State News

House Rep. Todd Rutherford Possible Removed From JSMC

9 Elected Solicitors are asking South Carolina House Speaker Murrell Smith and Senator Luke Rankin (Chair of the Judicial Merit Selection Commission) to remove State Representative Todd Rutherford from the JSMC. These solicitors in a signed letter have asked this based on a pattern of Rutherford (an Attorney) receiving in some cases unlawful and questionable outcomes in his criminal cases.

“We believe the improper appearance created by Rep. Rutherford exerting … undue influence (on the judiciary) stems from his membership on JMSC, which allows him to pick which judicial candidates are nominated for election by the General Assembly, the letter read, which was signed by David Pascoe of the 1st Circuit, Ernest “Chip” Finney III of the 3rd Circuit, David Stumbo of the 8th Circuit, Scarlett Wilson of the 9th Circuit, David Wagner of the 10th Circuit, Rick Hubbard of the 11th Circuit, E.L. Clements III of the 12th Circuit and Kevin Brackett of the 16th Circuit.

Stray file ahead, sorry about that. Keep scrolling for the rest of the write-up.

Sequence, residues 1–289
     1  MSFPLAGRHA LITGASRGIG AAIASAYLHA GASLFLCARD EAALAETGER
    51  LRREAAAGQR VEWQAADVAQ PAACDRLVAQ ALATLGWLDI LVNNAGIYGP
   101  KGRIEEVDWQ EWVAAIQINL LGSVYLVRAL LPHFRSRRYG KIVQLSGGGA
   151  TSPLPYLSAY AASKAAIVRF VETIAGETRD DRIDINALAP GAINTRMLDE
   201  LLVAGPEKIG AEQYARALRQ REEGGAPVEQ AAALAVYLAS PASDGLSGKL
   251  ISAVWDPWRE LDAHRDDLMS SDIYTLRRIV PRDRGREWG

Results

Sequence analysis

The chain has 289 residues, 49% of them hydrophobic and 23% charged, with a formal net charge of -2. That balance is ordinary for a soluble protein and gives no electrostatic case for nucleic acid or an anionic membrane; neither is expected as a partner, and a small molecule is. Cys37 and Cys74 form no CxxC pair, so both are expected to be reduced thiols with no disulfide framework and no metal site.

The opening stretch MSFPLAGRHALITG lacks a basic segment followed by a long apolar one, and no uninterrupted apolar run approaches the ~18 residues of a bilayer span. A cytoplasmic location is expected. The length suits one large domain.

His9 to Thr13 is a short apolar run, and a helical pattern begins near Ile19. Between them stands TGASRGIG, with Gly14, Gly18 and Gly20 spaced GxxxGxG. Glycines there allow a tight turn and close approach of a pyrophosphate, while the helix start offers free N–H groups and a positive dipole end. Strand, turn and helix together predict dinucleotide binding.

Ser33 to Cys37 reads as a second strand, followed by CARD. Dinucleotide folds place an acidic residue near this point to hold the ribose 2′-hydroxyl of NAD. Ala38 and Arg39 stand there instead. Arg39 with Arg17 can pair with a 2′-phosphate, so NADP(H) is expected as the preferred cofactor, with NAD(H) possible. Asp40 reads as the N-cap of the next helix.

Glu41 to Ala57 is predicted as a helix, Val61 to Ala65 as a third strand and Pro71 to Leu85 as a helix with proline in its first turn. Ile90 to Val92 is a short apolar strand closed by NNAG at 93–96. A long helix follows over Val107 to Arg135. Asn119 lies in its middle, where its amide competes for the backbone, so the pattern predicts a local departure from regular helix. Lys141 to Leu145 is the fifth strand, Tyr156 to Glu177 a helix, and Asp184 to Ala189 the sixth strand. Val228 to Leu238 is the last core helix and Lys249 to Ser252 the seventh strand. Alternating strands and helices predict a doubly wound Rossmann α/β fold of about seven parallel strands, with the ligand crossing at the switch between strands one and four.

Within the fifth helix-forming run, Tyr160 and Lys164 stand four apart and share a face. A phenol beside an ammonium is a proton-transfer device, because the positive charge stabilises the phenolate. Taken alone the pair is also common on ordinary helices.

This is the newest in a long line of recent calls for reform of the JSMC. Many Legislators have begun demanding that the JSMC reform its make up to include less attorney’s. The JSMC is responsible for confirming and re-confirming the elections of South Carolina’s Judges.

In a past demand it was asked that Senator Luke Rankin be removed due to conflict of interest with his law practice. Senator Rankin on his firm’s page states he has a 99% success rate in court.

Numerous state officials are calling for major reforms to the way judges are selected in the state, with leaders saying the current system lacks transparency and fairness. Several non-attorney legislators are voicing their constituents call of “TOO MANY LAWYERS” sitting on this commission.

In 2018, this very commission failed to address the issue brought before it pertaining to Family Court Judge at Large Monet Pincus. The Commission even failed to inform the legislature that there was an issue raised her the re-confirmation hearing, or that they held a closed door session, which violated the states guidelines on Judicial hearings.

South Carolina is only one of two states that allows the legislative body to elect it’s judges.

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